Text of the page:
How it compares with Auth10?
Auth10 is a set of tools that aim at dramatically simplifying the adoption of federated idenitity solutions. It provides automation for the most common scenarios (e.g. SharePoint, cloud, mobile, different platforms and languages, different identity providers, etc.). Think of Auth10 as a really smart dashboard on top of a Federation Provider. It currently runs on top of Windows Azure Active Directory but it could potentially run on top of other "Fedeation Providers" like ADFS or even AuthBridge.
How it compares with IdentityServer?
IdentityServer is an identity provider that supports Membership provider databases and various protocols to get tokes out of it. It's complimentary to AuthBridge. If IdentityServer is the open source Identity Provider, AuthBridge is the open source Federation Provider. AuthBridge can be configured to trust IdentityServer as well as ADFS.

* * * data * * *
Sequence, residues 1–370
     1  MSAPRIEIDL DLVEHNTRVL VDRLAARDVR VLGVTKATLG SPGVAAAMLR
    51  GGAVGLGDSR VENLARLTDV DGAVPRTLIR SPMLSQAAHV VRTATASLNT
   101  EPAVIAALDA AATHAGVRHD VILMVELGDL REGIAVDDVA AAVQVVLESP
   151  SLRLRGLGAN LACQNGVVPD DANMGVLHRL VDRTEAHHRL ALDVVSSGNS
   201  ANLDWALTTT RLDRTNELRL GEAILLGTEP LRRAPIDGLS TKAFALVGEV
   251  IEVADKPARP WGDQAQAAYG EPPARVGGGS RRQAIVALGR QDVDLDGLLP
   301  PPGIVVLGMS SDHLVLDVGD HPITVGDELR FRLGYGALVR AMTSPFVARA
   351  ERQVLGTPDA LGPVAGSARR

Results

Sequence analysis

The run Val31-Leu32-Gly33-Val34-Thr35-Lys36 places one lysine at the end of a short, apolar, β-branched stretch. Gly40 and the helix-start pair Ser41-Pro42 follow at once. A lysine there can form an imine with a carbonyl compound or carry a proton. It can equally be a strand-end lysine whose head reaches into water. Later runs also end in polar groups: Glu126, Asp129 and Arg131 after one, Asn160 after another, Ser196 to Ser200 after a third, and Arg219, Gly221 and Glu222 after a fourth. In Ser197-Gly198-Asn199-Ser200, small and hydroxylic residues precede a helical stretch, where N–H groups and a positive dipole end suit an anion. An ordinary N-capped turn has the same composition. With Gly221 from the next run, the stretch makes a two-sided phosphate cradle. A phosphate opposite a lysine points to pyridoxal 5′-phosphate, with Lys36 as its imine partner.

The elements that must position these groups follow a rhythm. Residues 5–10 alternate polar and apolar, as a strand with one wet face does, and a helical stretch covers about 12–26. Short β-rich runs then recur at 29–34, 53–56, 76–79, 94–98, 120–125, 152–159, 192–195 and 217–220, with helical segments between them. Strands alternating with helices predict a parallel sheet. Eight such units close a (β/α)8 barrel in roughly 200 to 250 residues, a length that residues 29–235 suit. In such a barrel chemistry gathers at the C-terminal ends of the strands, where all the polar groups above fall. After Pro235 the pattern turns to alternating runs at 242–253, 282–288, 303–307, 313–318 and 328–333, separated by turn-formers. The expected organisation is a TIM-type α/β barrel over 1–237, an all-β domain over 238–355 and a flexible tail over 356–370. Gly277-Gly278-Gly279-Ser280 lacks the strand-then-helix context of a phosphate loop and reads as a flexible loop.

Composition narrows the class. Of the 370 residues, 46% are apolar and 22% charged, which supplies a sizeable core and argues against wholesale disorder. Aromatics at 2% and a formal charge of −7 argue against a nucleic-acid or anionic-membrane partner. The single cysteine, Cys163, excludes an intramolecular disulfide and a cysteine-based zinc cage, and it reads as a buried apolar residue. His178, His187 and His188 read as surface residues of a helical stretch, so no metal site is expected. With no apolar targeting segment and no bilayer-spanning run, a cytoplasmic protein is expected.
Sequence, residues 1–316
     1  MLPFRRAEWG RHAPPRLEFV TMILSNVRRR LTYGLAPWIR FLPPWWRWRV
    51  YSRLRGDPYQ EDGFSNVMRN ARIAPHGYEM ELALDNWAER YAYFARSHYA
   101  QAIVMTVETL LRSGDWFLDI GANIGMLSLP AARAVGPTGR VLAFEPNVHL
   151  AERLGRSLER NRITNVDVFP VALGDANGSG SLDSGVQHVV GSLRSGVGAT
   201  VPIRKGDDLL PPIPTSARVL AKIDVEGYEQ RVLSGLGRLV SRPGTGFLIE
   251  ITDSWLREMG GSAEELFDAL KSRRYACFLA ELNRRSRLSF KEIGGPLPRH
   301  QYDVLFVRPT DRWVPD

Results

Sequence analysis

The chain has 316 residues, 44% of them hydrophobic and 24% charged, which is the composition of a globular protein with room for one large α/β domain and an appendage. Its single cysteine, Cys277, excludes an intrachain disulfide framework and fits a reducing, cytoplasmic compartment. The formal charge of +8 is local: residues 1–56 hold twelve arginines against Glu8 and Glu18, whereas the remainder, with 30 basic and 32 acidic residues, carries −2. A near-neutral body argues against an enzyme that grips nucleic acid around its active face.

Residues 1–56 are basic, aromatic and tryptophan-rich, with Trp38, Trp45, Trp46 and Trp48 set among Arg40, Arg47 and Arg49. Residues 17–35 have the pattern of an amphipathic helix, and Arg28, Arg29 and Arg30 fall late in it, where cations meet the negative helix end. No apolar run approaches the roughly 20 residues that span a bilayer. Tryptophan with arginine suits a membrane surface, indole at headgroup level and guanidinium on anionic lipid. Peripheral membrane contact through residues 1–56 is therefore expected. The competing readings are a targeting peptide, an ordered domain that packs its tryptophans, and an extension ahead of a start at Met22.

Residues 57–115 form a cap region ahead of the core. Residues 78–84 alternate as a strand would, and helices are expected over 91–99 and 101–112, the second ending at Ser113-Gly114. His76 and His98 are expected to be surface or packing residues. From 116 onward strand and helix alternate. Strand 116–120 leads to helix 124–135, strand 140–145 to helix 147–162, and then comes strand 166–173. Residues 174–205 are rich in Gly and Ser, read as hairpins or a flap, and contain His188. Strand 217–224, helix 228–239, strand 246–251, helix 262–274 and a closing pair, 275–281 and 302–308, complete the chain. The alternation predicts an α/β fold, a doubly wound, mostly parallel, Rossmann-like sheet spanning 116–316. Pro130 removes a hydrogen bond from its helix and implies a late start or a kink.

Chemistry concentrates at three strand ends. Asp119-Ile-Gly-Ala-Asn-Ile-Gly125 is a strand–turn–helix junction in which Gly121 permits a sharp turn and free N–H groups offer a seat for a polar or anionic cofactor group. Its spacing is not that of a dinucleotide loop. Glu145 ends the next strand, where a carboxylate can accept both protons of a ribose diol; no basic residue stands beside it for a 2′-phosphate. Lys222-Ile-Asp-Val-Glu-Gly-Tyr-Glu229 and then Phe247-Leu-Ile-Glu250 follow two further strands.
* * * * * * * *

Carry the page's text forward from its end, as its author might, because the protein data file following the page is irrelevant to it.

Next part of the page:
Deploy it on your own
Deploy locally on IIS
- Download the code
git clone https://github.com/auth10/authbridge.git
Create a site pointing to
AuthBridge.Webin IIS and assign it a host header like
identity.bridge.com(otherwise the social identity providers won't work). If it's production use SSL.
Create your own certificate. Instructions: https://gist.github.com/3066840
Change the certificate file signingCertificateFile (you can also use a certificate in the machine store)
Change the app ids and secrets for the identity providers
Add an application as a new scope. Note:
identifierneeds to match the "realm" paremeter sent by the application and the uri is the endpoint where the token will be POSTed to.